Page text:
It has been almost 10 years since the bishops of the Roman Catholic Church in the United States mandated accountability and transparency in regard to the sexual abuse of children, but how that accountability and transparency was defined was ultimately left up to individual bishops, as was their application.
Examining the Crisis
Enda Kenny, the Taoiseach, or prime minister, of Ireland, addressed the Irish Parliament about a judicial report released last week on how the Cloyne diocese responded to the clergy sex abuse crisis. That report found that the church's own guidelines were "not fully or consistently implemented" in the diocese as recently as 2008. It also accused the Vatican of being "entirely unhelpful" in the crisis, charging in fact that the Vatican "effectively gave individual Irish bishops the freedom to ignore [those] procedures."
Kenny told the Parliament "the Cloyne Report excavates the dysfunction, disconnection, elitism … the narcissism that dominate the culture of the Vatican to this day."
The publication of the most recent John Jay study of sexual abuse in the church has been met by predictably impassioned binary responses. Church leaders seem to idealize the results, feeling vindicated in at least some of their responses to sexual abuse. Victims and advocates, on the other hand, lambaste the research as a dismissive invalidation of their pain. It is always difficult to speak dispassionately about sexual abuse; the crimes at issue involve passion, denial by perpetrators is standard fare, and brittle experiences of new betrayal are at the ready for victims expecting their suffering to be minimized. It is worth trying, however, to put passion aside temporarily to make room for reason. I hope to do a little of that here.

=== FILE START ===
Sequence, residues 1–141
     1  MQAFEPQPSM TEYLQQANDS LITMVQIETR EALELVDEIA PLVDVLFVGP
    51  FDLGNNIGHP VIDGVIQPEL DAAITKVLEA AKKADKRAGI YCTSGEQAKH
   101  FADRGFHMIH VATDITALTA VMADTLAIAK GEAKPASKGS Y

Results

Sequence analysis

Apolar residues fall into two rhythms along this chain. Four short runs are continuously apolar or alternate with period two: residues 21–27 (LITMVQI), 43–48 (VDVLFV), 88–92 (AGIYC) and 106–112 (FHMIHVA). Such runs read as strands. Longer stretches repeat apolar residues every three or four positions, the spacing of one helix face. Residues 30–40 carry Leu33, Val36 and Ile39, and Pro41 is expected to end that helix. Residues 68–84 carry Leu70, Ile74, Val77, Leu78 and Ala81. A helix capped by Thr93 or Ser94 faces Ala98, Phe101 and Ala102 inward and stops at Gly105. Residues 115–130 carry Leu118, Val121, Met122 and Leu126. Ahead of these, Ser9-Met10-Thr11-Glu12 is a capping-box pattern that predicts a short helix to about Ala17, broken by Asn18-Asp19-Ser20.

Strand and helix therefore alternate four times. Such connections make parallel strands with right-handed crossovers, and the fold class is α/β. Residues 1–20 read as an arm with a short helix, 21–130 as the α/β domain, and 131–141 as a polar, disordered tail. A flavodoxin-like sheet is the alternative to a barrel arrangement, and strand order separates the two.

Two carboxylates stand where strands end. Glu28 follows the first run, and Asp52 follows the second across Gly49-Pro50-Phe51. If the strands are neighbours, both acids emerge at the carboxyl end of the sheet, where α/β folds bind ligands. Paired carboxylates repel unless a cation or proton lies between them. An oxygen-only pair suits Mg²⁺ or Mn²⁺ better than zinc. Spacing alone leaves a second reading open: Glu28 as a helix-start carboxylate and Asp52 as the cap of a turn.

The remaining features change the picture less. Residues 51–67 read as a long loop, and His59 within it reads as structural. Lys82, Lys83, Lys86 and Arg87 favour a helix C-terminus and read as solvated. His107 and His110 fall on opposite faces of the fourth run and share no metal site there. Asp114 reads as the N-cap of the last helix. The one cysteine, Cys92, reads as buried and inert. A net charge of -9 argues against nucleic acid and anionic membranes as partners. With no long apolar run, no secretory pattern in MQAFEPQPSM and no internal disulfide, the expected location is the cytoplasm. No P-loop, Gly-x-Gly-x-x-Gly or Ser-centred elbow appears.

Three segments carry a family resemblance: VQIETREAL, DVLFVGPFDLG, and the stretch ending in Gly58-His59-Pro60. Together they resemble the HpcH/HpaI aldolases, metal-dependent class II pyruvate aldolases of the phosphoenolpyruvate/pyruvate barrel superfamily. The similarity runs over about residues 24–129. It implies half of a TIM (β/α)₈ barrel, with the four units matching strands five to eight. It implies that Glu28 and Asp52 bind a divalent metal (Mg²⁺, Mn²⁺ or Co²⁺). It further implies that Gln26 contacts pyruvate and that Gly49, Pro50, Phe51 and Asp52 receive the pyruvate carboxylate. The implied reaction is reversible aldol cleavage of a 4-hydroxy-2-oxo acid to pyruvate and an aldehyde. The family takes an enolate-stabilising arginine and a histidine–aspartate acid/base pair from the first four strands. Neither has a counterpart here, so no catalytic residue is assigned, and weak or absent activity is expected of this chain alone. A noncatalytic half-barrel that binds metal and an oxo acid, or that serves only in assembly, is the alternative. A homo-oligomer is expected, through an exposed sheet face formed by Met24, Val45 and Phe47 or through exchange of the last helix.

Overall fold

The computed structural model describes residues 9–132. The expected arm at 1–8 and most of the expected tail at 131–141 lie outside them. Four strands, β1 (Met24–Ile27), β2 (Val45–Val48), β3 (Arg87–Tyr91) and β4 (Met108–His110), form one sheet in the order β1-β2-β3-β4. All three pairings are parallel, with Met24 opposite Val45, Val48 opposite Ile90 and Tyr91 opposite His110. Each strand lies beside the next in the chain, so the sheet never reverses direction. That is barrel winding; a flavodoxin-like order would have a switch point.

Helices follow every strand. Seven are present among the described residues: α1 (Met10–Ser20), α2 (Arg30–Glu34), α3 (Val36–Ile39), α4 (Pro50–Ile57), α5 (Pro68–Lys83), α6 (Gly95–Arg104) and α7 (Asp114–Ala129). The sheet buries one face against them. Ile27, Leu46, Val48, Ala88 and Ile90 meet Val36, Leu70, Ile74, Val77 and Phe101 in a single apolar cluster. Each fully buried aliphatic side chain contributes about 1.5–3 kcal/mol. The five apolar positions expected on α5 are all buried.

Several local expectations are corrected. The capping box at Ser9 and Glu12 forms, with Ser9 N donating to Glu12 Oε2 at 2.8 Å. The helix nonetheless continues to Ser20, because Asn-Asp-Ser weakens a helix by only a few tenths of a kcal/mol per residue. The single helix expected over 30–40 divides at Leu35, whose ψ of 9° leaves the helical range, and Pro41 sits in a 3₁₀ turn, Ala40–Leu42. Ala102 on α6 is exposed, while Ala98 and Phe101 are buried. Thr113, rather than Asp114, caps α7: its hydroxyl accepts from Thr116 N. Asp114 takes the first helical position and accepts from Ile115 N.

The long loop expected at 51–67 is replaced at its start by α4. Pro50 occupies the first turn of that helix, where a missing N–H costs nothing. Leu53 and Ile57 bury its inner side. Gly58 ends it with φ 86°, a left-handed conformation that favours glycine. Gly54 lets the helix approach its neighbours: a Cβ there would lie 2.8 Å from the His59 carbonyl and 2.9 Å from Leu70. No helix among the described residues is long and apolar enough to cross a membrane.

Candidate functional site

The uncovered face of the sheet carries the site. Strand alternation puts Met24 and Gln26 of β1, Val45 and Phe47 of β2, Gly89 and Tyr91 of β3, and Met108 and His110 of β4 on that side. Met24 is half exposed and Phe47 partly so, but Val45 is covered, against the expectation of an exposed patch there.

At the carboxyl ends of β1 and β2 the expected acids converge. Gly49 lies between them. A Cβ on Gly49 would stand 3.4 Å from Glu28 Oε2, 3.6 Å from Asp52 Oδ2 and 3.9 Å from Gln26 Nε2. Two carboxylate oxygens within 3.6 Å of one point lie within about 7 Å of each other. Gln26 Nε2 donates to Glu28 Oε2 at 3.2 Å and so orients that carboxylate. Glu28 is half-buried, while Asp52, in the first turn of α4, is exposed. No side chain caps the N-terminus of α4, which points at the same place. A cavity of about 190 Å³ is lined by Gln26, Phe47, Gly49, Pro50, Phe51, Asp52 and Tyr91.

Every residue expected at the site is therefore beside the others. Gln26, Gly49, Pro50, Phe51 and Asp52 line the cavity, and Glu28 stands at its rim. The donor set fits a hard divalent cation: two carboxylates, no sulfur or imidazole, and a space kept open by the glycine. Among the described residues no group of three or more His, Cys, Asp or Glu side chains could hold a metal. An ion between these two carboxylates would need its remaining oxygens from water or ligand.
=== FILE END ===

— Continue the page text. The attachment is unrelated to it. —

Before unpacking specific aspects of the John Jay study, it is important to put the entire project into a research and scholarly context.
In the last few days I have carefully read the entire 143-page John Jay report on the causes of clergy sex abuse in the United States and have again reviewed the executive summaries and conclusions of 17 of the 27 reports on clergy sexual abuse that have been published between 1989 and 2011.
Most of these are from official sources such as the U.S. grand juries, the three Irish reports (Ferns, Ryan, Murphy) or the two Canadian reports that resulted from the Mt. Cashel debacle of the eighties. Others are from Church sources such as the National Review Board Report of 2004, The Bernardin Report of 1992 or Church sponsored reports such as the Defenbaugh Report (Chicago, 2006) or the first John Jay Report from 2004. Most of the reports contained a section on causality.
None of the reports said anything about the effect of the culture of the sixties or seventies as a factor of causality but every one of them pointed to the various kinds and levels of failure by the bishops as the essential cause of the phenomenon of sexual abuse of children and minors by clerics.